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How does Wilfred Owen portray the horror of war in 'Dulce et Decorum est'?

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How does Wilfred Owen portray the horror of war in 'Dulce et Decorem est'? Owen's 'Dulce et Decorem est' is a painful, poignant and blunt depiction of the squalid conditions and distressing experiences which had a permanent effect on the soldiers of the 1st world war. He addresses the subject with absolute honesty and frankness as a soldier himself, which brings out the stark contrast of the reality of war to the propaganda which enticed young soldiers to fight to begin with; Owen's use of language here shows his deep loathing towards war and misleading propaganda. Firstly I will address the idea in the poem that war is irreconcilable and contradictory to the notions displayed by propaganda posters of courage, bravery, honour, glory and patriotism. The first stanza of the poem is heavy with negative connotations- the men are 'beggars', weak, destitute and dejected, lacking in hope; they are 'coughing like hags' due to living in the trenches- rife with illness, disease, gas attacks and dead bodies. ...read more.


There is nothing positive about the men's desire to push on, only desperation. This is heightened by the fact that this poem was written in 1917, 3 years after they were promised the war would end by Christmas 1914. The second stanza could be likened to wakening from a dream- the men are 'drunk with fatigue' when a small but urgent voice calls 'Gas!' then more urgently, as the danger is fully understood- 'GAS!' following on from this is an avalanche of awkward words like 'fumbling', clumsy' and 'stumbling' which adds to the urgent, staccato feeling of the stanza structure. This feeling of awkwardness augments itself, then becomes relief ('just in time') then turns into pity and excruciating empathy for the 'someone' who is 'drowning' under a 'green sea', as he is 'yelling out' and 'flound'ring' like a fish, wrenching at the emotions of the reader; and, it seems, of Owen himself. ...read more.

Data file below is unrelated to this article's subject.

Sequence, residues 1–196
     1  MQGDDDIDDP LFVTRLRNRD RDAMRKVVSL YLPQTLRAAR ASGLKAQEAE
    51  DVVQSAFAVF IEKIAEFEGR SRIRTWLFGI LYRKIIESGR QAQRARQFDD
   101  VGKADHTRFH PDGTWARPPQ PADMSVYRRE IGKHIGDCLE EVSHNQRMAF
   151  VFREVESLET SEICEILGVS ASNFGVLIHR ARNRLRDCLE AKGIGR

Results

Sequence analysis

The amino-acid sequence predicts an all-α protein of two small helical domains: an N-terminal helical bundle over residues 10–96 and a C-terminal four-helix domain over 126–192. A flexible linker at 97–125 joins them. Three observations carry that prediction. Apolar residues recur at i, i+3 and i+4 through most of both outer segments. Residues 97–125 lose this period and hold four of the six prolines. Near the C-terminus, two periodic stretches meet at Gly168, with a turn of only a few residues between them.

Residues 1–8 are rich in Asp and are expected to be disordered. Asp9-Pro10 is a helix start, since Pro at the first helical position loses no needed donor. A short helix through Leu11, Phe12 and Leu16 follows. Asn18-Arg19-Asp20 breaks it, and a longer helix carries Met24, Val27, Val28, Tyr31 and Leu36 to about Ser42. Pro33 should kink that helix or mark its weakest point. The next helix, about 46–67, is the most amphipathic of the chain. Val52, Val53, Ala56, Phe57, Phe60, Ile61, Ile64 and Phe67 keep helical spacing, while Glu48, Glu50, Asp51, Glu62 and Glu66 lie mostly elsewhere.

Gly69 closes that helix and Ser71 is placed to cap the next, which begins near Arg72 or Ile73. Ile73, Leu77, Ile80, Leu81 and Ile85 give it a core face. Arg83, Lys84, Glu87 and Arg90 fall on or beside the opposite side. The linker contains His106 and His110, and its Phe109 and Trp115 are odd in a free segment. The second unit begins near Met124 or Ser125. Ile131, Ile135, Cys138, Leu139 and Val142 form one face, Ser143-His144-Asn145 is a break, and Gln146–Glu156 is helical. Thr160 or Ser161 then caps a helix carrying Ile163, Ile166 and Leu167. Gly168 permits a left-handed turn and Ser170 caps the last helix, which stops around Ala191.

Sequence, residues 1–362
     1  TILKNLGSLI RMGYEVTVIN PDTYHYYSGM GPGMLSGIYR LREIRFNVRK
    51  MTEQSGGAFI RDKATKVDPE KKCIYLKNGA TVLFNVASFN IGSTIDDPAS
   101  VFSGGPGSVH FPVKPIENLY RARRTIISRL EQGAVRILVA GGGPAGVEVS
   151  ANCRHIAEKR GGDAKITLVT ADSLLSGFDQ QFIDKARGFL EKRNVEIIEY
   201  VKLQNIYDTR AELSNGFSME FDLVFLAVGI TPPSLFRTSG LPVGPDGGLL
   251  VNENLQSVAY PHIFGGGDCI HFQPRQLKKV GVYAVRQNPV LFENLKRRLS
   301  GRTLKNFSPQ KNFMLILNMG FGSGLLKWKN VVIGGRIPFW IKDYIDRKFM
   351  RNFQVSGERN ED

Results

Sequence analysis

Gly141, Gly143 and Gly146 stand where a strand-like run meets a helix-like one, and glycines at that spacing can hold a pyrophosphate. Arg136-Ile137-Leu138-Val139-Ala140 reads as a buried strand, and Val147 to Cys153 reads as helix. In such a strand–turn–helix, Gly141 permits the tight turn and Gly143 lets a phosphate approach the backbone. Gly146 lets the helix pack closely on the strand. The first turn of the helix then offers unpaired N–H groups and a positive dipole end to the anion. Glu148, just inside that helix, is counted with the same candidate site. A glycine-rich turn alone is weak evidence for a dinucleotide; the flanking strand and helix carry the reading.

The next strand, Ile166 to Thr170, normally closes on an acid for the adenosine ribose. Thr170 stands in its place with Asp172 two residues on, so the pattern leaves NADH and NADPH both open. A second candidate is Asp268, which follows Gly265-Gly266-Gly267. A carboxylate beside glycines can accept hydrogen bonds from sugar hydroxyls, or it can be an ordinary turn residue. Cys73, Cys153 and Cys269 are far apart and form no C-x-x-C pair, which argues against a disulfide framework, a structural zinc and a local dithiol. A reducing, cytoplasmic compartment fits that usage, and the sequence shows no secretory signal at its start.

That 'you', 'My friend', the reader, would not dream of speaking of the war with ardour, if to create a utopian fantasy for one's children; if at all. The fact that Owen capitalises the L in 'Lie' along with the ending of the poem with the religiously indicative Latin phrase shows his sarcastic bitterness clearly- he wants the reader to empathise and feel as he feels when he thinks of how he was lied to about a place worse than hell, and even worse, how it was glorified. In conclusion, Owen portrays the horror of war, with an incredibly graphic nature, as at complete odds with popular considerations. He fills the poem with themes of loss, blindness, illness, fatigue, death, blood, uncleanliness and deafness and likens war to a place worse than hell, worse than the reader could even imagine. He displays war as rife with sickening and squalid substance, and the effects it has on the soldiers who survive as incurable, corrupted, horrific, destructive and vile. ...read more.

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